The Cooper Burger
I’d gone to Nashville for the music, came home with an even tastier passion: Nashville hot chicken. Crusty fried chicken for the gods—or, more than likely, for the devil, because at Nashville food shrines like Prince’s and Hattie B’s, they add hot-hot pepper to the batter coating.
The good news is, last summer Nashville hot chicken hit the Twin Cities, thanks to a couple of savvy entrepreneurs (not from Nashville; rather, Africa) who launched the Nashville Coop food truck, which by now has morphed into a brick-and-mortar on St. Paul’s Snelling Avenue.
Well, one good turn deserves another, right? Last month, the fellas went on to open Stepchld, a bottle’s toss from Surdyk’s. And no, that’s not my bad typing: The name is meant to indicate something a bit off-balance, which, turns out, is just what the restaurant scene needed in Northeast. They took over a small bar and grill, leaving intact its mural of a joyous Black woman and the vine-y plants that dangle from the ceiling’s pipes, freshening a small clutch of tables and the counter’s dining stools. Please engrave my name on one of them in memory of a glorious brunch.
A brunch that celebrated that glorious fried chicken, among other weekend temptations. But its heat level has been geared for more modest palates. Called Bless this Mess ($13), the bird’s enrobed white meat, juicy and tender as Grandma’s, shared space with its traditional Southern accompaniments, starting with plenty of cream gravy. An iconic buttermilk biscuit—toeing the fine line between substantial and tender—completed the MDR of a Georgia kitchen, accented also by a dollop of sweet red cabbage slaw and generous toss of peppery micro-greens to perk up the comfort plate.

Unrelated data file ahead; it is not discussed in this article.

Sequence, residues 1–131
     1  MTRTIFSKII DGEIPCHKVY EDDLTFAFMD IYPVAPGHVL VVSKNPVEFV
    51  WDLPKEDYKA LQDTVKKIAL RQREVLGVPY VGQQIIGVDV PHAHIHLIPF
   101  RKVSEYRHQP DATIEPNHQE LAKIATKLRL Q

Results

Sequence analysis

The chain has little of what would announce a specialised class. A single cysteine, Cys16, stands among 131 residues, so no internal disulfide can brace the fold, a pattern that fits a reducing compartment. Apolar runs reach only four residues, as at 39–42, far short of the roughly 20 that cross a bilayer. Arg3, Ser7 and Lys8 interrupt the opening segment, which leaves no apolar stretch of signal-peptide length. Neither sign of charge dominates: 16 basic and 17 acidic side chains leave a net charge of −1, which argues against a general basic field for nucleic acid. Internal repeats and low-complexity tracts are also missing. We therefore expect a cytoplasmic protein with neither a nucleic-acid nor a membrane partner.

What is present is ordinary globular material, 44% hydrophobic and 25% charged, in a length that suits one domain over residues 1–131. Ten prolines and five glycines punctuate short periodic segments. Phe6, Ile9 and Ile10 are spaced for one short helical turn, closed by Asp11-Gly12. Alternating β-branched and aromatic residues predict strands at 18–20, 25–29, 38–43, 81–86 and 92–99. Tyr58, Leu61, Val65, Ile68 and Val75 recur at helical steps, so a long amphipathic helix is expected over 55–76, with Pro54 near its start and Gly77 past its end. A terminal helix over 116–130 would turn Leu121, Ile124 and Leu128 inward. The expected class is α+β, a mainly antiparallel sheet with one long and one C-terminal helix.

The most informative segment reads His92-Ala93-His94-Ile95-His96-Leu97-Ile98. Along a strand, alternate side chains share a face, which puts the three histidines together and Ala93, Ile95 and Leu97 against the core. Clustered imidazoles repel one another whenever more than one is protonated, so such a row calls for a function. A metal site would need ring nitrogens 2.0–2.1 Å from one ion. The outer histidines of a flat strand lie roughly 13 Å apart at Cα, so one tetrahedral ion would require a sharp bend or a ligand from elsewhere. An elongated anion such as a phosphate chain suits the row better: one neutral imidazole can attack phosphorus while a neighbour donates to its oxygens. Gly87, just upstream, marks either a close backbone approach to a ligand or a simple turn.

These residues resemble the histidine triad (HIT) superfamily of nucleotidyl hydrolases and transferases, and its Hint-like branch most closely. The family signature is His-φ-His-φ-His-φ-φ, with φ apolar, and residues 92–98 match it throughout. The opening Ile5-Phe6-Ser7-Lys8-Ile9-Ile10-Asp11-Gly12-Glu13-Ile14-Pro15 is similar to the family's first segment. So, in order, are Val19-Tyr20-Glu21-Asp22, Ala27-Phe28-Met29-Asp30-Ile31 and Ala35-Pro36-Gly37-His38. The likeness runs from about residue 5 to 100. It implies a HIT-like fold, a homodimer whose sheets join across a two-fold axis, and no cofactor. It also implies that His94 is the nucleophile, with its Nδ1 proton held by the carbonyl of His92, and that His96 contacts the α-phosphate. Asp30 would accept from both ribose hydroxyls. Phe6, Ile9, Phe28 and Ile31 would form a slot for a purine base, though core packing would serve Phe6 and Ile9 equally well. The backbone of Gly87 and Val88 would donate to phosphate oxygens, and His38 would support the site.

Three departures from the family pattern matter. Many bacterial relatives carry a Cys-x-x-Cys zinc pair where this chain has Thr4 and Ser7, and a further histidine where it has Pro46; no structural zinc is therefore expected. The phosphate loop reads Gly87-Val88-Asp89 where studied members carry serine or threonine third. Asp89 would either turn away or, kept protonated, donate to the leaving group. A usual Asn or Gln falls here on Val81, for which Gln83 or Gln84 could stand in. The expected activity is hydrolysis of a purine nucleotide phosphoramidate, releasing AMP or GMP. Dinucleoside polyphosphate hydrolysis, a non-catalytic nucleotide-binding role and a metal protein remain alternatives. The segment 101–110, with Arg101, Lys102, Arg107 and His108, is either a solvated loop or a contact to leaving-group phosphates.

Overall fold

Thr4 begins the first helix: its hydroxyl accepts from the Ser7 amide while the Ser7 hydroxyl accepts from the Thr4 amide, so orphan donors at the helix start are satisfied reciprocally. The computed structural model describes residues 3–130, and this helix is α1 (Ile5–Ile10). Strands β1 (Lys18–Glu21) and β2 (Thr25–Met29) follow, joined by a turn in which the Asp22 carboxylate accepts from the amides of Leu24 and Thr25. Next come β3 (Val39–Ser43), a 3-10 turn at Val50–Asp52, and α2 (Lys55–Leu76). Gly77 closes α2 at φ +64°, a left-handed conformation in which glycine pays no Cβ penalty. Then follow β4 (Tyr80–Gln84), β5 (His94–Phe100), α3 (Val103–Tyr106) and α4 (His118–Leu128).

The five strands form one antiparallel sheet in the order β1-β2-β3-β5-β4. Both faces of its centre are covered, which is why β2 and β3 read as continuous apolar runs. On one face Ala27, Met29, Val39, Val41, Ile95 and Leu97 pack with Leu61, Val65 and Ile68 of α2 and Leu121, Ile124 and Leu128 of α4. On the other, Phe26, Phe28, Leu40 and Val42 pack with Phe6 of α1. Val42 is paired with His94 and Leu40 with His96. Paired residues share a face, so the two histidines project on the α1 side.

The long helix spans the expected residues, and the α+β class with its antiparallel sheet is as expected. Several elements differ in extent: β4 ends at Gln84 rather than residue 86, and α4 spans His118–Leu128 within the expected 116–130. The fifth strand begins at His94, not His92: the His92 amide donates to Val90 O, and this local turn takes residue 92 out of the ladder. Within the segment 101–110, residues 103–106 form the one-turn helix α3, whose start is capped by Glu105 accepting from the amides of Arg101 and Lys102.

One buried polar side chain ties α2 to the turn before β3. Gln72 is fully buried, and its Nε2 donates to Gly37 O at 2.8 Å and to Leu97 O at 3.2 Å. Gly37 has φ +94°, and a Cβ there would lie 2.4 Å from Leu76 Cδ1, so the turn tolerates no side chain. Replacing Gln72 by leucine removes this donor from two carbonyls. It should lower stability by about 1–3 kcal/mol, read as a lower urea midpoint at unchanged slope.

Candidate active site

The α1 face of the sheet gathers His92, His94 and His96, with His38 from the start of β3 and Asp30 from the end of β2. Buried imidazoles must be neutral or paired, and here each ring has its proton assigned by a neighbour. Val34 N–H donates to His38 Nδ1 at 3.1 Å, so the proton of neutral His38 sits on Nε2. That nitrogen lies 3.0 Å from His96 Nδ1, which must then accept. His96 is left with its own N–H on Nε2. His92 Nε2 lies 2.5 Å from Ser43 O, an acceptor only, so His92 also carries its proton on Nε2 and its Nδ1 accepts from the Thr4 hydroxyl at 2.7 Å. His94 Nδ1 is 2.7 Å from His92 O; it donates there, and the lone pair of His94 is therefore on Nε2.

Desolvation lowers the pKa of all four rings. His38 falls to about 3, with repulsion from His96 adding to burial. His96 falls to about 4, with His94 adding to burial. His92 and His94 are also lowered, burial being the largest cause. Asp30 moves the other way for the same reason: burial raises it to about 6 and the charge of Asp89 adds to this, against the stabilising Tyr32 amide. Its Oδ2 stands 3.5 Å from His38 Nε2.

We also split an order of the Texas Shrimp Boat, ($15)—named, I guess, for the slab of Texas toast that supported the medley of nubile shrimp of modest size but major sweet, fresh flavor. They bobbed amid a puddle of rich (yes!) Creole hollandaise, which also lapped the edges of a gently, perfectly poached egg. The appealing menu also celebrates beignets (next time, for sure!), oatmeal with fancy add-ins; pork belly fried rice with Brussels sprout kimchee and more, an Ethiopian birra honoring the owners’ heritage, and the Cooper burger, a fave from the kitchen’s former inhabitant.
Dinner again provides offbeat tweaks on familiar items, starting with eight small plates ($9-15) sized for sharing. The hit of the evening was a heap of sautéed Brussels sprouts dressed for success with slivered almonds (nice crunch and touch of richness), apricot bits for occasional hits of sweetness, and curry. Delicious. So were the sweet potato fritters, mealy and robust, abetted with maple syrup (perfect marriage), cayenne’s lively spark, and a suave, smooth sauce of goat cheese for balance.
A composition of asparagus spears presented them lounging in a creamy crawfish bisque scented with garlic (ever so mild, appropriately here) and dill. Good, for sure, along with the beets. They’re served cold and diced, scented with cardamom, and accented with understated bits of pistachios and pomegranate. We were prepared to order the lamb meatballs, too, but they’ve been replaced on the menu by chicken wings, elevated from bar food by their mango-black cardamom barbecue sauce.
The menu continues with a selection of large plates ($25-42)—delicious-sounding and inventive in description.
But wait, there’s dessert! Mango cheesecake, crème brule, and chocolate cake. We went for the one that promised the most interest, the chocolate number—a petite rectangle of ultra-moist, deep, deep, far-from-over sweet chocolate, served with a smooth puddle of sesame butterscotch sauce and a crunchy top note of honeycomb brittle.
Bravo to this cheeky new team brightening our food scene. Can’t wait to see what they do next.
24 University Ave. NE